“In a small business, you know your employees, and it’s rare, rare, that someone will abuse a paid sick day,” says Paul Hayman from Five Walls Realty in Guelph. “In fact, in my experience most of the time you have to tell someone to go home because they’re feeling sick.”

Toronto, 2016. Photo Credit: Kelly Holloway

Hayman, along with other employers, is featured in the Better Way videos, launched earlier this month.

The views, opinions and positions expressed by these authors and blogs are theirs and do not necessarily represent that of the Bioethics Research Library and Kennedy Institute of Ethics or Georgetown University.

Bioethics Blogs

Creative Minds: Preparing for Future Pandemics

Jonathan Abraham / Credit: ChieYu Lin

Growing up in Queens, NY, Jonathan Abraham developed a love for books and an interest in infectious diseases. One day Abraham got his hands on a copy of Laurie Garrett’s The Coming Plague, a 1990s bestseller warning of future global pandemics, and he sensed his life’s calling. He would help people around the world survive deadly viral outbreaks, particularly from Ebola, Marburg, and other really bad bugs that cause deadly hemorrhagic fevers.

Abraham, now a physician-scientist at Brigham and Women’s Hospital, Boston, continues to chase that dream. With support from an NIH Director’s 2016 Early Independence Award, Abraham has set out to help design the next generation of treatments to enable more people to survive future outbreaks of viral hemorrhagic fever. His research strategy: find antibodies in the blood of known survivors that helped them overcome their infections. With further study, he hopes to develop purified forms of the antibodies as potentially life-saving treatments for people whose own immune systems may not make them in time. This therapeutic strategy is called passive immunity.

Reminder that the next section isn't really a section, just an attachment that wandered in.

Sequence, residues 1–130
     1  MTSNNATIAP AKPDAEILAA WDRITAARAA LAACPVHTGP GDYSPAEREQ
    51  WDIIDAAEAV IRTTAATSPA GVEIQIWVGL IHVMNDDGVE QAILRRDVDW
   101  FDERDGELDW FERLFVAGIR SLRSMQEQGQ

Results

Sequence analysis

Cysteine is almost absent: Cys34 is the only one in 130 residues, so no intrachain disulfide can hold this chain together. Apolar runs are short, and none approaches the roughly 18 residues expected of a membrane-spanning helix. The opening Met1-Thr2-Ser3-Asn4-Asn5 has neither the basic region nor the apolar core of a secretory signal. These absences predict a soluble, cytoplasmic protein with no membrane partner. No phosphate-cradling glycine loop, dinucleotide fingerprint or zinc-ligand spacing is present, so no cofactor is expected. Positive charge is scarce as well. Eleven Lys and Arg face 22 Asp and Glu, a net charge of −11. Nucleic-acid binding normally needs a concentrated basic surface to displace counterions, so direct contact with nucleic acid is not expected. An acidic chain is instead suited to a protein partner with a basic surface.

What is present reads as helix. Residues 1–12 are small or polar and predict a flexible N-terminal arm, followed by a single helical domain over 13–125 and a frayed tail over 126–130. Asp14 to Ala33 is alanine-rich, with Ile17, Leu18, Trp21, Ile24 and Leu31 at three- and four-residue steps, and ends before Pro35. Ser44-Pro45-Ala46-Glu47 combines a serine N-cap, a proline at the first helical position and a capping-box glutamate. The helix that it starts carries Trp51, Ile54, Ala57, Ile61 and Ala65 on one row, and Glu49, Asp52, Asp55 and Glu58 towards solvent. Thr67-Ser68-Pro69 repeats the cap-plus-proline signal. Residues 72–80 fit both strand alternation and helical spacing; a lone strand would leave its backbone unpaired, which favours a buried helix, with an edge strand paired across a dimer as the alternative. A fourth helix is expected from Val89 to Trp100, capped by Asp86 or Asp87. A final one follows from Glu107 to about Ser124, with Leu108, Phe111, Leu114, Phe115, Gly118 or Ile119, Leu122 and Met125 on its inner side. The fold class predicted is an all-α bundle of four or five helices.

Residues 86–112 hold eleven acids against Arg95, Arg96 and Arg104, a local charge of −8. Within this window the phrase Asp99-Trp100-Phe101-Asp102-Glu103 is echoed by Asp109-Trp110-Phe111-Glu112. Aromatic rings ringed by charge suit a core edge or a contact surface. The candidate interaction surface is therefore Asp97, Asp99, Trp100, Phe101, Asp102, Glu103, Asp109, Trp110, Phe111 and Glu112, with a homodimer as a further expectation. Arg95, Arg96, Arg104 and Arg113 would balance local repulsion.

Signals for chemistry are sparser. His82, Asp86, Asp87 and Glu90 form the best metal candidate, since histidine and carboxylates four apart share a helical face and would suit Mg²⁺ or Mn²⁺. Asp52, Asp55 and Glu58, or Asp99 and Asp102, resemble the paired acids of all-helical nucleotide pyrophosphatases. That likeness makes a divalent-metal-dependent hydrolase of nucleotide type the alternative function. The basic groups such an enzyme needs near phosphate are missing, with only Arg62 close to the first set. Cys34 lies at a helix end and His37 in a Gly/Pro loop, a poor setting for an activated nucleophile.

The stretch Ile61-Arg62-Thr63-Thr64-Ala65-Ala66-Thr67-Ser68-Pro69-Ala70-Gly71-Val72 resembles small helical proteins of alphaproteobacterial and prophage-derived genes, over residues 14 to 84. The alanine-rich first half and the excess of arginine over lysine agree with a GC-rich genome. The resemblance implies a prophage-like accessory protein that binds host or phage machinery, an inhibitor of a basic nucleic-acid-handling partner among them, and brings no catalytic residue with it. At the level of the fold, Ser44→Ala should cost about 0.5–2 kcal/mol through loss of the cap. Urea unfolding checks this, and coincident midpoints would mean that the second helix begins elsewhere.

Already, Abraham has begun collecting blood samples from survivors of Ebola, Marburg, and other hemorrhagic fevers. The next step—and it can be a long and tedious one—is to isolate the B immune cells that produce the antibodies responsible for fighting each of the viruses. When he finds one, Abraham will then identify and sequence the specific immunoglobulin genes encoding those antibodies in the appropriate B cell.

Having those DNA sequences in hand, Abraham can make large quantities of the antibodies, allowing him to study their ability to neutralize the viruses in lab dishes and infected animals.

The views, opinions and positions expressed by these authors and blogs are theirs and do not necessarily represent that of the Bioethics Research Library and Kennedy Institute of Ethics or Georgetown University.

Bioethics Blogs

An Assessment of Mitochondrial Replacement Therapy

By: Alexa Woodward

Last year, a baby boy was born from an embryo that underwent mitochondrial replacement therapy (MRT). MRT was used to prevent this child from inheriting a mitochondrial disease from his mother, specifically infantile subacute necrotizing encephalomyelopathy – a disease that affects the central nervous system and usually results in death within the first few years of life. While controversial, assisted reproductive technologies (ARTs) such as MRT provide prospective parents with additional options and have the potential to improve the quality of human life by preventing disease.

This story is of bioethical interest because this technique results in germline modification, which is the alteration of DNA in the reproductive cells of humans that will be passed on to their offspring. Implementing MRT in humans has consequentially garnered much criticism, from simple health-related implications (such as unknown harms to potential offspring and eugenics concerns) to the futuristic next logical step of scientific intervention; directly editing the nuclear genome.